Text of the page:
Today’s post is inspired by this one on small gestures made by good bosses, especially those at the most senior level.
It’s also inspired by a sneak-peek I got at the results of our latest Workforce Mood Tracker survey (report to be released soon, stay tuned), which showed employees would rather have a better boss than more money in their paycheck.
That caused me to think about the characteristics of a better boss. While there are many, these three seem to rise to the top continually:
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- Presence – You not only “manage by walking around,” you show up to meetings on time to signal that you value the work your employees are doing. When you’re meeting with an employee, you shut off or totally ignore your email, IM, texts and any other interruptions to give your full attention to the employee. If employees need your support to push a key decision forward, you lend your visible presence and direct support.
- Praise – You make it a point to give your employees the frequent, timely and specific feedback they need to stay on track and move their projects forward appropriately. You recognize and appreciate them and their efforts that are especially in line with the company’s core values and strategic objectives. Because you are diligent about “catching employees doing something good,” you also help employees receive constructive feedback more readily as they know the feedback is intended to help them advance.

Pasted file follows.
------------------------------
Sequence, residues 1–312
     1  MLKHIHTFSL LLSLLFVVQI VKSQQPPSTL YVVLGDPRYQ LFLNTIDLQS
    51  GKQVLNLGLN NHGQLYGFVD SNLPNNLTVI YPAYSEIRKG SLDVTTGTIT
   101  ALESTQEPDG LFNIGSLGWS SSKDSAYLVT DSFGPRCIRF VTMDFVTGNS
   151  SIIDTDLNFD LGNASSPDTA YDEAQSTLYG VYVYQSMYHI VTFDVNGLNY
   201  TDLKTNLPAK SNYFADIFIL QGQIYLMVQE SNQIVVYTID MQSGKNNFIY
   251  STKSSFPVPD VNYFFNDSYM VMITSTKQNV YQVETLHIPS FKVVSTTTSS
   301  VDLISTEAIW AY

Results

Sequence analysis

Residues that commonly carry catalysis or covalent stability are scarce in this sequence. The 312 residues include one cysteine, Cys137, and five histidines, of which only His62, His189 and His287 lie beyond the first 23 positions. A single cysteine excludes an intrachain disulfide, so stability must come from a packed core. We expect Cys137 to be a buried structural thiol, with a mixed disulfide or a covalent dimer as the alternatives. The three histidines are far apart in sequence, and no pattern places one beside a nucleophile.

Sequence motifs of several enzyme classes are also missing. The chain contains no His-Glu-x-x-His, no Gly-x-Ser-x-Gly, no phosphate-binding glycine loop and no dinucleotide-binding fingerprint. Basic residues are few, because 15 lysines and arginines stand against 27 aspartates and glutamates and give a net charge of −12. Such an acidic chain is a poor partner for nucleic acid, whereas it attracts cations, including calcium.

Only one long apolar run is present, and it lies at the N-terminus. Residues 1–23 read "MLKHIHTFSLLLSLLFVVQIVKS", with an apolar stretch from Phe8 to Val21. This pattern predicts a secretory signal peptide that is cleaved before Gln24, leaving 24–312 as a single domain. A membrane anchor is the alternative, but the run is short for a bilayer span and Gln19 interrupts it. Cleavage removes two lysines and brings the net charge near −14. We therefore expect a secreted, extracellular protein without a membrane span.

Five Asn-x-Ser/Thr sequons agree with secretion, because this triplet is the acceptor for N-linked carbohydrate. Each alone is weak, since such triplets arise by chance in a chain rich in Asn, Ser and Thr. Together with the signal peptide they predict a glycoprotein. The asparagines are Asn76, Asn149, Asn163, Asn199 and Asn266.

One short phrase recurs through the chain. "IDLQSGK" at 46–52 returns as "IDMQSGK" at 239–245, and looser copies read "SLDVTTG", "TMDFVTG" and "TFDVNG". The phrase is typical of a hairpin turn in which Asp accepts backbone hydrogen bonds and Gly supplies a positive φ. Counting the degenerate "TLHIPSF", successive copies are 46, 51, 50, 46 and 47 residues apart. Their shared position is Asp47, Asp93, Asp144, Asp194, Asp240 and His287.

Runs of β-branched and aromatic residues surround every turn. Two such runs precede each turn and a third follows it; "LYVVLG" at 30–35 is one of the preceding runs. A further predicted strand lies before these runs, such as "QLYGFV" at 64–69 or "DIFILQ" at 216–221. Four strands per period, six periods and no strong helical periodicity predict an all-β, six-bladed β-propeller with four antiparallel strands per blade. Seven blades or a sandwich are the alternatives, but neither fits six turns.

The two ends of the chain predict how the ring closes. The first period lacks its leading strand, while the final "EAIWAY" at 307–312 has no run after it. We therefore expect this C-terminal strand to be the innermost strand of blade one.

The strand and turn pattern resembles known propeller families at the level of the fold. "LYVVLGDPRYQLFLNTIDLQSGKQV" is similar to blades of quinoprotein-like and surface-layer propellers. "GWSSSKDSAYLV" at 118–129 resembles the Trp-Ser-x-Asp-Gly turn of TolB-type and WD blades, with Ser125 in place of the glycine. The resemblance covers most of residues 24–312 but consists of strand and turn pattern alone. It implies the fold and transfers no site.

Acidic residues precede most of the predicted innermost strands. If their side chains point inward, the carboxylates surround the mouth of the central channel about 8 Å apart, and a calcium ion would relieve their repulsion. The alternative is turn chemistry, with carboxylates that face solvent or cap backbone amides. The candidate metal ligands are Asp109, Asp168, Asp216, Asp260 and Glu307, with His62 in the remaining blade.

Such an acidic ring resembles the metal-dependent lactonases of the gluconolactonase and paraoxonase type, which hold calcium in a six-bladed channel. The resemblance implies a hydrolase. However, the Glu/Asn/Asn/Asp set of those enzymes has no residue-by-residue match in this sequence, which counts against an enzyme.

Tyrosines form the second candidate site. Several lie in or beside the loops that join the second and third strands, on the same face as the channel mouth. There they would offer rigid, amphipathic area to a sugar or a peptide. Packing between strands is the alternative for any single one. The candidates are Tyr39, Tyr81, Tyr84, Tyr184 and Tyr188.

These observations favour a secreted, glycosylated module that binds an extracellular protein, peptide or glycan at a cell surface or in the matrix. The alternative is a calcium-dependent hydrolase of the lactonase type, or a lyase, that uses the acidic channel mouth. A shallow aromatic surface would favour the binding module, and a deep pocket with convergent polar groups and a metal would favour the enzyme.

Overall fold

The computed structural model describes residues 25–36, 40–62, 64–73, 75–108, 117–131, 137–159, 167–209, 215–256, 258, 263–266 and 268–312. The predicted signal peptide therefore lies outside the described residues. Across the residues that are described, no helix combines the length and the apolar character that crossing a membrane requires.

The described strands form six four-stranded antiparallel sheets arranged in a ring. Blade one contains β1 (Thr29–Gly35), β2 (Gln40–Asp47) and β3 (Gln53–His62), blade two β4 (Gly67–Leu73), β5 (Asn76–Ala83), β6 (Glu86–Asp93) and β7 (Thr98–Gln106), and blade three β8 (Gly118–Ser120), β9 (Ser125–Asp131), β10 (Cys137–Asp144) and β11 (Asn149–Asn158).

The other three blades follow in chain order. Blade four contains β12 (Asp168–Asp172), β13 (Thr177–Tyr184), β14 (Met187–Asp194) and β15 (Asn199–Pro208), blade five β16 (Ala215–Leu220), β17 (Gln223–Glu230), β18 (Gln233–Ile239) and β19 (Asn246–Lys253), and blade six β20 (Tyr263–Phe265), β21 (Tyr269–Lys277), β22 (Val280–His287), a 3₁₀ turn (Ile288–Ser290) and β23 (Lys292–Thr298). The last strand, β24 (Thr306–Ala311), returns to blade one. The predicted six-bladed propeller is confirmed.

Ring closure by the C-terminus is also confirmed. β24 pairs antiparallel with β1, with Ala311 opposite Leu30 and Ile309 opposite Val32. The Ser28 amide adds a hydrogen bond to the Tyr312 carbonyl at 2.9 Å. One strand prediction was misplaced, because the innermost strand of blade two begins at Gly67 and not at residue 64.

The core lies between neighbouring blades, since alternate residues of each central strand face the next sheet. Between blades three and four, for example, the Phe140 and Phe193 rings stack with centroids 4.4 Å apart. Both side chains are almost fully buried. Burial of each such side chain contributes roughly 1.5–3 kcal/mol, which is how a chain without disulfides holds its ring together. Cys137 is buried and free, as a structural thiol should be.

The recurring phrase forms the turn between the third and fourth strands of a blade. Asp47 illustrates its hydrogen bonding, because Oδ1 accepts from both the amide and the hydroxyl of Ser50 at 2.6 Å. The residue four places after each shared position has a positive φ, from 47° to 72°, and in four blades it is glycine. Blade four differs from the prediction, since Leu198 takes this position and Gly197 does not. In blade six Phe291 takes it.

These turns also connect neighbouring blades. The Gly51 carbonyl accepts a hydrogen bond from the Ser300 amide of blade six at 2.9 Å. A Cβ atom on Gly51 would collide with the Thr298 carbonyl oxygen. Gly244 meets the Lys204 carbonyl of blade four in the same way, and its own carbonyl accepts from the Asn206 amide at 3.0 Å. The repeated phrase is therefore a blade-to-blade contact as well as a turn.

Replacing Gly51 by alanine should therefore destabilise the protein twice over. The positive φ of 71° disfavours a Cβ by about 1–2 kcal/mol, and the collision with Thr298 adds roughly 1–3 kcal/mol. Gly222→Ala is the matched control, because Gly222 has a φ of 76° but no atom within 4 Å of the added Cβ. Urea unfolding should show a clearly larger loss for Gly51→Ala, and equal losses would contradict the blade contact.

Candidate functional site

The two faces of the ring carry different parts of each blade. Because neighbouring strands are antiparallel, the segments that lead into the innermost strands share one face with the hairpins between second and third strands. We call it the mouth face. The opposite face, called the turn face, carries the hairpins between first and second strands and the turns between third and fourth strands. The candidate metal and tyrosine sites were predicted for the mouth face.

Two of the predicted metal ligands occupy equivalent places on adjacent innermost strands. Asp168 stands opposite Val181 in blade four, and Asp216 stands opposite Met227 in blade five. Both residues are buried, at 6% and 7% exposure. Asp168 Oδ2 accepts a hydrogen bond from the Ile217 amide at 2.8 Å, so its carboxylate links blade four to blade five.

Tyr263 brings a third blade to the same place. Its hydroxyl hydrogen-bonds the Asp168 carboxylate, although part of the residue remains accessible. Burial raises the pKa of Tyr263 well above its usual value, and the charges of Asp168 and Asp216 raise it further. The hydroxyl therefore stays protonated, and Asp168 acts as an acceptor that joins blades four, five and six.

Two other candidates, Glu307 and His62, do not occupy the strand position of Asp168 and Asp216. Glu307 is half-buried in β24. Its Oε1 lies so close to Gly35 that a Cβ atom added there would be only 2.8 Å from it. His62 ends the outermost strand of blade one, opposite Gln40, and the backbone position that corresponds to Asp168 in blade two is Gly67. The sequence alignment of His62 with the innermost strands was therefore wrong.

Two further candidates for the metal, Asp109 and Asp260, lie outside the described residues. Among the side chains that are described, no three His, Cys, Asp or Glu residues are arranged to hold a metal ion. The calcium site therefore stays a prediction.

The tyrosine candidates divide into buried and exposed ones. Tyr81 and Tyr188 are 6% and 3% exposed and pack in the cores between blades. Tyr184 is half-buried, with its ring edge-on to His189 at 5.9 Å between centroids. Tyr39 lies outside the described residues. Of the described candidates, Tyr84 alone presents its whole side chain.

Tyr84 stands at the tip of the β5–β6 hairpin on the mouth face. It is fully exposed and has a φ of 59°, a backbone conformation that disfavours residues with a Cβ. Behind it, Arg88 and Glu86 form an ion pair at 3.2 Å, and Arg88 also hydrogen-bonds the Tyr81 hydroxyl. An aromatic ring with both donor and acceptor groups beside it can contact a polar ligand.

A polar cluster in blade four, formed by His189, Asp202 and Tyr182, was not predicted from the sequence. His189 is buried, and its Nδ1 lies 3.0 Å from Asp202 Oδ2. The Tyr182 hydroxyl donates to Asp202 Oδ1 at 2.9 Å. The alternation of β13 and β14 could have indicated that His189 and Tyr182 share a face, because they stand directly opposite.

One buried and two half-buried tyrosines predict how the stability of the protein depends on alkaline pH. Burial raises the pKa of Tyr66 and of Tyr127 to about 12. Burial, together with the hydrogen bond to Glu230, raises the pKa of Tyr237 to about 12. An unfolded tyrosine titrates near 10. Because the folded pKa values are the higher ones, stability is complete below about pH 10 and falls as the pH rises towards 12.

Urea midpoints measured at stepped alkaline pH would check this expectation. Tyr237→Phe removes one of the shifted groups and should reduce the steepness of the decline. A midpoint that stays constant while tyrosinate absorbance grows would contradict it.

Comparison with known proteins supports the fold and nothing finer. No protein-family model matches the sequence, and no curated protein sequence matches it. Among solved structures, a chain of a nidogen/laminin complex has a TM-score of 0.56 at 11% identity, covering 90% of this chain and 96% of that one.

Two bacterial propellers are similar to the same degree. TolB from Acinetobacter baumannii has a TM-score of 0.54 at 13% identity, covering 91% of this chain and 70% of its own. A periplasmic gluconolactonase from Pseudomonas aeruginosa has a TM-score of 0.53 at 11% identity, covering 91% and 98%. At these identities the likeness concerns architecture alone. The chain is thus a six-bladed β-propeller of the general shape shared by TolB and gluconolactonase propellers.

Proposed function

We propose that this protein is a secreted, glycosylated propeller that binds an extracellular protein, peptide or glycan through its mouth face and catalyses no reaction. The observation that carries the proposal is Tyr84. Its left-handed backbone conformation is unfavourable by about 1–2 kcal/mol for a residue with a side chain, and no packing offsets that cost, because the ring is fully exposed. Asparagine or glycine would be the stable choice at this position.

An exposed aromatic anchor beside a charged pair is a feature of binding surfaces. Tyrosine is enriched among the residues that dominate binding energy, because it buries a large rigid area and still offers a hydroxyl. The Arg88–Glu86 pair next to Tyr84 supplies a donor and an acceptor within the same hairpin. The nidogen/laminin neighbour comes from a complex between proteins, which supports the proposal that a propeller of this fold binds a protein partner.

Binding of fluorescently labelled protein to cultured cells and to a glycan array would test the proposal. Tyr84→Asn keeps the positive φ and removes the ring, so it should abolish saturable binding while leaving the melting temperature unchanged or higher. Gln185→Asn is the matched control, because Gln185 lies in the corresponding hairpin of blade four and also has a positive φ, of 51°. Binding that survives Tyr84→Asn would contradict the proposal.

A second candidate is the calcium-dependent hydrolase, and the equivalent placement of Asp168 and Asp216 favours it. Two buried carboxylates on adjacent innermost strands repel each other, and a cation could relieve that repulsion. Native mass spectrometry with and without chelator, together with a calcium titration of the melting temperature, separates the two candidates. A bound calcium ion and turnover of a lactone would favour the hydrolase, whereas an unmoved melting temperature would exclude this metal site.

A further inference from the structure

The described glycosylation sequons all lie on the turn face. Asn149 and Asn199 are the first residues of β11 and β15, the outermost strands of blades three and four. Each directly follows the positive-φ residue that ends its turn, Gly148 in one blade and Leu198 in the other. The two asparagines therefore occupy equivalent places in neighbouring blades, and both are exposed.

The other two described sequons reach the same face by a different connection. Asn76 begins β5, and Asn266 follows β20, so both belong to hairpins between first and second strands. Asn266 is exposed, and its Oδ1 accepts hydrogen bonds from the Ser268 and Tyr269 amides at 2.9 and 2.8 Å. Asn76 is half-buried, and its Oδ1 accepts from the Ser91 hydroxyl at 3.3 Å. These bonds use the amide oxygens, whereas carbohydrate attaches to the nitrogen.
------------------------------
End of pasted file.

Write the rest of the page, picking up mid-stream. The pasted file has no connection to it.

- Promise – You help your employees see the future they have with the organization and in their career. You don’t make undue or unwarranted promises of course, but you are committed to helping your team members grow and develop – and they know it. You seek out training and development opportunities for them and encourage them to go. You give them realistic “stretch” goals to help them develop skills.
These three skills are foundational to earning the “good boss” title and all the perks that come with it (committed employees who happily go the extra distance). But there are many more.
What other signs of a good boss are important to you or do you strive to demonstrate?
You can find more from Derek Irvine on his Recognize This! blog.